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Agent-Based Socio-Hydrological Hybrid Modeling for Water Resource Management


Hybrid socio-hydrological modeling has become indispensable for managing water resources in an increasingly unstable ecology caused by human activity. Most work on the subject has been focused on either qualitative socio-political recommendations with an unbounded list of vague factors or complex sociological and hydrological models with many assumptions and specialized usability. In this paper, we propose a simple agent-based socio-hydrological decision modeling framework for coupling dynamics associated with social behavior and groundwater contamination. The study shows that using social health risk, instead of contaminant concentration, as an optimization variable improves water management decisions aimed at maximizing social wellbeing. The social models and computational framework are designed with enough flexibility and simplicity to encourage extensions to more general socio-hydrological dynamics without compromising either computability or complexity for better data-/model-driven environmental management.

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JB and VV acknowledge the programmatic support from the LANL Environmental Management Directorate. DO acknowledges the support of a Los Alamos National Laboratory Director’s Postdoctoral Fellowship during the preparation of this manuscript. VV also acknowledges supported by the DiaMonD project (An Integrated Multifaceted Approach to Mathematics at the Interfaces of Data, Models, and Decisions, U.S. Department of Energy Office of Science, Grant #11145687).

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Correspondence to Joseph Bakarji.

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Appendix A: Social Dynamics

In this study, the results shown in Section 5 highlight the average dynamics of the entire society, expressed in terms of average social health risk and total water usage. However, it must be noted that even when the contaminant concentration or health risk reach quasi-constant value, individuals are always changing their usage habits and beliefs. This means that even though the regulators manage the average behavior and beliefs of a society, the beliefs and behavior of every single individual is uncontrollable and unpredictable. Figure 11 shows the social dynamics of a sample of the population (100 individuals) changing attributes (usage and beliefs) throughout 100 years of simulation. On the left, the population is sorted according to specialty. The first 20 individuals (shown in the bottom of the abscissa axis) are initially experts who turn into normal citizens when not employed by the regulators. The right plot shows the population sorted by attributes.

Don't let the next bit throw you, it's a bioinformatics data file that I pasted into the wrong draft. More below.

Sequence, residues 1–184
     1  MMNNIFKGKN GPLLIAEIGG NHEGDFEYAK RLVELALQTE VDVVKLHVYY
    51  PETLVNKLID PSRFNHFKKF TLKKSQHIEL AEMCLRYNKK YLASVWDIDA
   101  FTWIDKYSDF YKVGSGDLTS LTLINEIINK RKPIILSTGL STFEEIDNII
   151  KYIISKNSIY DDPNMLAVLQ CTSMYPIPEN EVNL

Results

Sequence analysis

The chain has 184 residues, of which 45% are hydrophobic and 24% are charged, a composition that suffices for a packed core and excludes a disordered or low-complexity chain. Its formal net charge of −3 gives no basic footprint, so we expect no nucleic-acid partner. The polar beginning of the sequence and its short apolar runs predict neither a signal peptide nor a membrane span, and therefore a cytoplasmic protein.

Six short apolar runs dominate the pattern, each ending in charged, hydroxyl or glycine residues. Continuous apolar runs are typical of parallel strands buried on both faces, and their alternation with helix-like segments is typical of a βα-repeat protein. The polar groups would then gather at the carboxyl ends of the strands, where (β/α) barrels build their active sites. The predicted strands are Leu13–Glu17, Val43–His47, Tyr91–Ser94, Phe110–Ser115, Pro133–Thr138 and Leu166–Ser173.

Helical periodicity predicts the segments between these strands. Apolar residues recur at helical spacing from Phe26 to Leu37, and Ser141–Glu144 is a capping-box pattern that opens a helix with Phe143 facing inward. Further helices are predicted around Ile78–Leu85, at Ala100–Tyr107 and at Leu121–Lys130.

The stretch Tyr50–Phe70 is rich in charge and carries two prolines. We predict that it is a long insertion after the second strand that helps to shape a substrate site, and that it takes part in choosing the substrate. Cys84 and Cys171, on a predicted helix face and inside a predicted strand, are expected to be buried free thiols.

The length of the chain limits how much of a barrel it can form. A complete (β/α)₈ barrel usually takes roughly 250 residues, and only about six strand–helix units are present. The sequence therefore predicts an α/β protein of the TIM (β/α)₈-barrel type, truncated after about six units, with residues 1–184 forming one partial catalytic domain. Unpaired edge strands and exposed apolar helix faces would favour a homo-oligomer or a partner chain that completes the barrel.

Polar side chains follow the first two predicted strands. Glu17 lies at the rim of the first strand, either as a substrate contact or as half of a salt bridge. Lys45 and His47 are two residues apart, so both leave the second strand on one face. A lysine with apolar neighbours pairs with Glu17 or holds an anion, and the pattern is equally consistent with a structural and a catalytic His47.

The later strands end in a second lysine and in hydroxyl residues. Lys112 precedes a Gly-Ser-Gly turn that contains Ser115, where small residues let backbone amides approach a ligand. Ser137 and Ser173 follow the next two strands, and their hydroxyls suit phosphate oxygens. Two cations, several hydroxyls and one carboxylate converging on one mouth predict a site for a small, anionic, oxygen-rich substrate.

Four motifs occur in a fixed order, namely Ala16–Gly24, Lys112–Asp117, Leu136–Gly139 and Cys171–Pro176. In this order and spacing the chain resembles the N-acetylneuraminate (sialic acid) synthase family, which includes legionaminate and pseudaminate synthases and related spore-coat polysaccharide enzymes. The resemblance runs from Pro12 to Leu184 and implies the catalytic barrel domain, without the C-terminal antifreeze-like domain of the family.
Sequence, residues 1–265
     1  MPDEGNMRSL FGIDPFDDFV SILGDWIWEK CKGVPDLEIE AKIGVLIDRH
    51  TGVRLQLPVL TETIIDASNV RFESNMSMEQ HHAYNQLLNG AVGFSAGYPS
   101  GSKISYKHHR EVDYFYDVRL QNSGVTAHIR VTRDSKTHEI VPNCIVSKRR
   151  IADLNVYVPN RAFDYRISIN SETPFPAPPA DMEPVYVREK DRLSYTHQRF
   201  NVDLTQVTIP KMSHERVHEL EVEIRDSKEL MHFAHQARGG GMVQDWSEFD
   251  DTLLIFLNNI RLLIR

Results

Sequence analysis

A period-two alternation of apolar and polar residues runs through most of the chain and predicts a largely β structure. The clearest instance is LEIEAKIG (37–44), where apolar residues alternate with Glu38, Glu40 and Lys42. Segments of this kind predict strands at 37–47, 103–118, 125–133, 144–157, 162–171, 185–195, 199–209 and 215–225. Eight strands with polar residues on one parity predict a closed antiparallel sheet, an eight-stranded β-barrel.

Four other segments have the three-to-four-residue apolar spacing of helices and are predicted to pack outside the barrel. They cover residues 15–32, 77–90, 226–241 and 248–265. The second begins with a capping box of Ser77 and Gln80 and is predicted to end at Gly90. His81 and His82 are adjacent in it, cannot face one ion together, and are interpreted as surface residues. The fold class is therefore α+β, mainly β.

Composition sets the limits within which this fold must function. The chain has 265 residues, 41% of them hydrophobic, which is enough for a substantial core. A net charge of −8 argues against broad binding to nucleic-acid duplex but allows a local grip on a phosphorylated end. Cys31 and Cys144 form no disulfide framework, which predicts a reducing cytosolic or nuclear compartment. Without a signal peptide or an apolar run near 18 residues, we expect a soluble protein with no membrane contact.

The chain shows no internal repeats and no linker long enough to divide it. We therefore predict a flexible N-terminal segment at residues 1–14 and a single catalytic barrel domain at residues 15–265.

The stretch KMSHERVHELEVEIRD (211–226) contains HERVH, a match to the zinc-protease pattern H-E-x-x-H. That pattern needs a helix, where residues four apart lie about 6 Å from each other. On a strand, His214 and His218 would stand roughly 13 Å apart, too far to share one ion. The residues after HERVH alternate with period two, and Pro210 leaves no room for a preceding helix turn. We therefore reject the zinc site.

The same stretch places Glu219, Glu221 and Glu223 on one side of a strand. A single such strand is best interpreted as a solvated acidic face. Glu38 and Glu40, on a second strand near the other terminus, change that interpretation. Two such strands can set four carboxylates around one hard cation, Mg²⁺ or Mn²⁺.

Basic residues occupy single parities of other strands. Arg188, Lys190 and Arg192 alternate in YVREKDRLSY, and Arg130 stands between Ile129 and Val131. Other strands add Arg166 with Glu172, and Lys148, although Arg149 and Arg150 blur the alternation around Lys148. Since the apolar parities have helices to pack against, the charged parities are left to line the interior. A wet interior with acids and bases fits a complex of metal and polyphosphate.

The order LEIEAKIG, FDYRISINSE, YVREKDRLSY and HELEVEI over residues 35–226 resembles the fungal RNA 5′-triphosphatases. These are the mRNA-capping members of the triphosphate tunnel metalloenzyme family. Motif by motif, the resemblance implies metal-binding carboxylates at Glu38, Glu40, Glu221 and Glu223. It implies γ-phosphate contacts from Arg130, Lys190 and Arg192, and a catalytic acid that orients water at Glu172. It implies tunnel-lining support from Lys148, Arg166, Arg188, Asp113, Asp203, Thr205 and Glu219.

Fig. 11
figure 11

Dynamics of usage and belief over time for a representative sample of the population (100 individuals); the left subgraph shows the changes in the social attributes over time for each individual in the sample (the first 20 people, shown at the figure bottom, are initially experts who turn into normal citizens when not employed by the regulators); the right subgraph shows the population sorted by attributes

Appendix B: Analogy Between Water Resources Management and Proportional-Integral-Derivative (PID) Control

Social-ecological system management fits naturally in the framework of control theory. According to this analogy, shown in Fig. 12, the decision makers are the controllers, the plant is the social-environmental system and the sensors are managed by scientists and engineers. If a social-ecological system is unstable (i.e. threatens a deterioration of either the environment or social well-being) environmental management decisions aim at restoring the balance (i.e. reach a reference state) of the ecosystem (i.e. the social-environmental plant). In the context of control theory, this is done by minimizing the difference between a reference well-balanced state and a present unsustainable state. In this study, the control (management) variables of interest are health risk and contaminant concentration.

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figure 12

Analogy between water resources management and Proportional-Integral-Derivative (PID) control; comparison between concentration and risk control is illustrated

The proportional (K p), integral (K i) and derivative (K d) constants are tweaked to minimize the rise time to steady state and dampen the oscillations as much as possible. However, the values are not optimal. The choice is only meant to illustrate the advantage of using PID control in the context of environmental management.

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Bakarji, J., O’Malley, D. & Vesselinov, V.V. Agent-Based Socio-Hydrological Hybrid Modeling for Water Resource Management. Water Resour Manage 31, 3881–3898 (2017).

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  • Sociohydrology
  • Decision support systems
  • Computational social dynamics